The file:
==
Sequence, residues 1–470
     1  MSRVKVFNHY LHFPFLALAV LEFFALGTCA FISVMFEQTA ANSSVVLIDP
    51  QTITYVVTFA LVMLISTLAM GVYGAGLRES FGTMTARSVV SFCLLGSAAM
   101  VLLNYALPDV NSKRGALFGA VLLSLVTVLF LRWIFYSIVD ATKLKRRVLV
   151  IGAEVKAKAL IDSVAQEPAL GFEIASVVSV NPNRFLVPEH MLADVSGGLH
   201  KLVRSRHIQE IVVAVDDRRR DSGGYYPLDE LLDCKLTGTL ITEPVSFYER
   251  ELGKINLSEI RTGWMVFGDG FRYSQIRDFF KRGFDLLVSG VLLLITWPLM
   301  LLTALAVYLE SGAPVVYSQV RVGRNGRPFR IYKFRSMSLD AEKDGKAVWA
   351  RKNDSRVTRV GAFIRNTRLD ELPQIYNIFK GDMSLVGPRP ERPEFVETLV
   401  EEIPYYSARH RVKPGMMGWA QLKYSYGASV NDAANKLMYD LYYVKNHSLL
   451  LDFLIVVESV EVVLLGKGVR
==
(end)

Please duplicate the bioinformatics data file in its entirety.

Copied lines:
Sequence, residues 1–470
     1  MSRVKVFNHY LHFPFLALAV LEFFALGTCA FISVMFEQTA ANSSVVLIDP
    51  QTITYVVTFA LVMLISTLAM GVYGAGLRES FGTMTARSVV SFCLLGSAAM
   101  VLLNYALPDV NSKRGALFGA VLLSLVTVLF LRWIFYSIVD ATKLKRRVLV
   151  IGAEVKAKAL IDSVAQEPAL GFEIASVVSV NPNRFLVPEH MLADVSGGLH
   201  KLVRSRHIQE IVVAVDDRRR DSGGYYPLDE LLDCKLTGTL ITEPVSFYER
   251  ELGKINLSEI RTGWMVFGDG FRYSQIRDFF KRGFDLLVSG VLLLITWPLM
   301  LLTALAVYLE SGAPVVYSQV RVGRNGRPFR IYKFRSMSLD AEKDGKAVWA
   351  RKNDSRVTRV GAFIRNTRLD ELPQIYNIFK GDMSLVGPRP ERPEFVETLV
   401  EEIPYYSARH RVKPGMMGWA QLKYSYGASV NDAANKLMYD LYYVKNHSLL
   451  LDFLIVVESV EVVLLGKGVR